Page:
Beware of the title! This book is essentially identical to the NIV first-century study Bible, albeit containing only the first five books of Scripture. The full NIV translation of the Pentateuch is included, along with a page-by-page commentary.
Other features common to study Bibles are included, such as maps, charts and individual book introductions. It is a well-made volume, bound with imitation leather and a cord to literally bind up the book when closed.
It is replete with detailed diagrams and full-colour photographs, ranging in subject from incense shovels, to Menorah mosaics, to Mount Hor.
Unlike the NIV first-century study Bible, this has an introduction to the Torah itself (as well as introductions to Genesis, Exodus, etc.). The five books are reassuringly endorsed as ‘God’s divine revelation’ (p.vii), but the question of Moses’ particular authorship is left open and ambiguous.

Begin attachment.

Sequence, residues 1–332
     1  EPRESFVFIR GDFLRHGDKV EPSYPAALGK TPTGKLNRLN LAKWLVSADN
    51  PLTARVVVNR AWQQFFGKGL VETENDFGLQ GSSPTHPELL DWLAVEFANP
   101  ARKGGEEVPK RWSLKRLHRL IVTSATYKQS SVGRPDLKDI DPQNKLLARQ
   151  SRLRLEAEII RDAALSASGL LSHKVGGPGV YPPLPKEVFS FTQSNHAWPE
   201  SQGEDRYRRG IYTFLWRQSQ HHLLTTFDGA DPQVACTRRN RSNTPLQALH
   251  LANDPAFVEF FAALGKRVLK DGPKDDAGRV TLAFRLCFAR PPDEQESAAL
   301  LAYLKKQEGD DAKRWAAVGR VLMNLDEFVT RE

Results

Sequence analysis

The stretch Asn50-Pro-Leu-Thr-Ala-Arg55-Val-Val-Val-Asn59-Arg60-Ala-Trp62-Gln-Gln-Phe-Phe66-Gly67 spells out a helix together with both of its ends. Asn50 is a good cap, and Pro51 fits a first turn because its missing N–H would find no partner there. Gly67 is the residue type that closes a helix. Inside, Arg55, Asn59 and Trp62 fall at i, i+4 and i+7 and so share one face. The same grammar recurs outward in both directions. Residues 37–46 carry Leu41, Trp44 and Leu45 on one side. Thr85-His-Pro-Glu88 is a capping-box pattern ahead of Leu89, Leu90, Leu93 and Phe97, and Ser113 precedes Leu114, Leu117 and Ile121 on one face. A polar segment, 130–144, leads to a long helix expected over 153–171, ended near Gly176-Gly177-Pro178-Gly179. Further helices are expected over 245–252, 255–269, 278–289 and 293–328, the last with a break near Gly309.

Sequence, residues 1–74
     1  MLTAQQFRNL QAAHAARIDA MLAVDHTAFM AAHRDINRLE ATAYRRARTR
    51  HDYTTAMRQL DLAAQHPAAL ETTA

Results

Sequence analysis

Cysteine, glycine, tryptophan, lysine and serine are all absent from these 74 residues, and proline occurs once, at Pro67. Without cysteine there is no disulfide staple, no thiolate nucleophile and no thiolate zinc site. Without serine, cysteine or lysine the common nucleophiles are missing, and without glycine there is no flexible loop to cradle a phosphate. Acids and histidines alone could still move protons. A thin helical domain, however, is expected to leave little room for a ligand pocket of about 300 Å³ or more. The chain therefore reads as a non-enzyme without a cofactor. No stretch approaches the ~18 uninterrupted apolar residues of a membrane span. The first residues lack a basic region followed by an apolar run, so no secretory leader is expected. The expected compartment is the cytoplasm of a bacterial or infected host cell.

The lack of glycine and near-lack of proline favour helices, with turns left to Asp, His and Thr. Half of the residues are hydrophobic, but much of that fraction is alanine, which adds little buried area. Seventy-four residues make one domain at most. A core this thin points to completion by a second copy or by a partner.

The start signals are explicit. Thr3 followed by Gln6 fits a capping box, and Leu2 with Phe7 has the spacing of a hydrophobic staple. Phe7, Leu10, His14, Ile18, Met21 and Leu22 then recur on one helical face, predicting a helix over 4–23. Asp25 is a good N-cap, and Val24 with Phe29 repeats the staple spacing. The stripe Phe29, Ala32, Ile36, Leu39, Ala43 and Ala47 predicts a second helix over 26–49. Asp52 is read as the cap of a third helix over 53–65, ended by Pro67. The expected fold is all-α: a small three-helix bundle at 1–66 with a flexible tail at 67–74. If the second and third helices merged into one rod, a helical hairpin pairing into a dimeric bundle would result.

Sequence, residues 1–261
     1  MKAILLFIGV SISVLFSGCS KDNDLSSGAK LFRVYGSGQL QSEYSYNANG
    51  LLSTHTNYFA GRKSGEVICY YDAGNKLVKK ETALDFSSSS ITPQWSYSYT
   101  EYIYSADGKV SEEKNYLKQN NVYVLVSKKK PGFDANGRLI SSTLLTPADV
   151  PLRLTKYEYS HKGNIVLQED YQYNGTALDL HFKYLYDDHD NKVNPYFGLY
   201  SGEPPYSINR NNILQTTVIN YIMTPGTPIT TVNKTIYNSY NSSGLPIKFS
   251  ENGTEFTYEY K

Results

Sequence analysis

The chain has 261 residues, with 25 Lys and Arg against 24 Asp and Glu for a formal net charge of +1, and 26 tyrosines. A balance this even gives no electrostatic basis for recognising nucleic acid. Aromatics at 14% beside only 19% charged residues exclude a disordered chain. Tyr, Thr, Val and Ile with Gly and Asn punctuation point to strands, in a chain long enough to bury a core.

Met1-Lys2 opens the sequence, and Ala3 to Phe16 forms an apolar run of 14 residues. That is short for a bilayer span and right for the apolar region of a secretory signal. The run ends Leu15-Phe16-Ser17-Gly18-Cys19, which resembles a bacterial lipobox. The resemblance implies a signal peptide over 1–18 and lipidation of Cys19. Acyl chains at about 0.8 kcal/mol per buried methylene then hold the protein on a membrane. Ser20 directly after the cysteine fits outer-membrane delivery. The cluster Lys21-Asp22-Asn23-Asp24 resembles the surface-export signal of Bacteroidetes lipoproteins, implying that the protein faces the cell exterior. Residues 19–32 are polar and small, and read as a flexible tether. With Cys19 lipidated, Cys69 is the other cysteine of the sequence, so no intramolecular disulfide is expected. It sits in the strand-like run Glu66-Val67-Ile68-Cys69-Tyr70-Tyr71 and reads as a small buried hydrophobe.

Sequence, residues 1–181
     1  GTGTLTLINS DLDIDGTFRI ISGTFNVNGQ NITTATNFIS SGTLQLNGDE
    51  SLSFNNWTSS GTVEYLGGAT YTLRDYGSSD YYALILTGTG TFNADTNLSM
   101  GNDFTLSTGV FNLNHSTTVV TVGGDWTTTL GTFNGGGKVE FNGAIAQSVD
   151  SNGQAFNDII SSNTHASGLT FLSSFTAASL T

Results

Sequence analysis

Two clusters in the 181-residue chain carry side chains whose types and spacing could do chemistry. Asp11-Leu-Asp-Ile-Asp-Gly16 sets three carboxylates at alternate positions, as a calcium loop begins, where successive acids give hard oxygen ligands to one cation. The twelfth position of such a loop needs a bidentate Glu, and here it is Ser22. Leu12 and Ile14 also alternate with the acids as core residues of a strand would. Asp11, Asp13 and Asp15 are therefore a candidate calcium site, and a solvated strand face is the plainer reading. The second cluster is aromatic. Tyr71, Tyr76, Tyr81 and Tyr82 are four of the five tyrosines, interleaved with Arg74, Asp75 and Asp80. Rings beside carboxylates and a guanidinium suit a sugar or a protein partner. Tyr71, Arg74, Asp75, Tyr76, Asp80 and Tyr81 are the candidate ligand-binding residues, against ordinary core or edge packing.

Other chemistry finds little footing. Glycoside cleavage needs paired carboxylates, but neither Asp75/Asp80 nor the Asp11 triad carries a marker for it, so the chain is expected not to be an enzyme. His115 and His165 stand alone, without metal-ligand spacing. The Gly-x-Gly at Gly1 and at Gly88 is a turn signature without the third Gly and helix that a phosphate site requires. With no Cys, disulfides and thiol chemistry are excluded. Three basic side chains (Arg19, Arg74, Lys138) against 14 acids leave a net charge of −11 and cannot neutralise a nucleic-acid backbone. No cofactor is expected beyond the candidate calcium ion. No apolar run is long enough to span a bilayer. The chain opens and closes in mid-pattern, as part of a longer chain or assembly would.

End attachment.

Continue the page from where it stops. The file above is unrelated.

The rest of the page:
‘If modern readers want to understand Jesus, they must start where Jesus started: the Torah’ (p.viii). This sets the tone for the commentary that follows. It is preoccupied with the early contexts and rabbinic interpretations of the Pentateuch.
Musings of the first-century BC philosopher, Philo of Alexandria, are frequently cited. His bizarre view that Nadab and Abihu (Aaron’s sons who were killed by God for offering ‘strange fire’ in Leviticus 10) were actually translated rather than executed is included in commentary. This concern with contemporary, cultural backdrops takes precedence over doctrine or personal application.
In summary, I am puzzled why someone would want only a small fraction of God’s written revelation. Perhaps it would be useful as common ground when witnessing to Jews, but beyond this I would always invest in an unabridged Bible.
The lack of commitment to the traditional view of Mosaic authorship of the Torah also makes me reserve wholehearted endorsement of this book.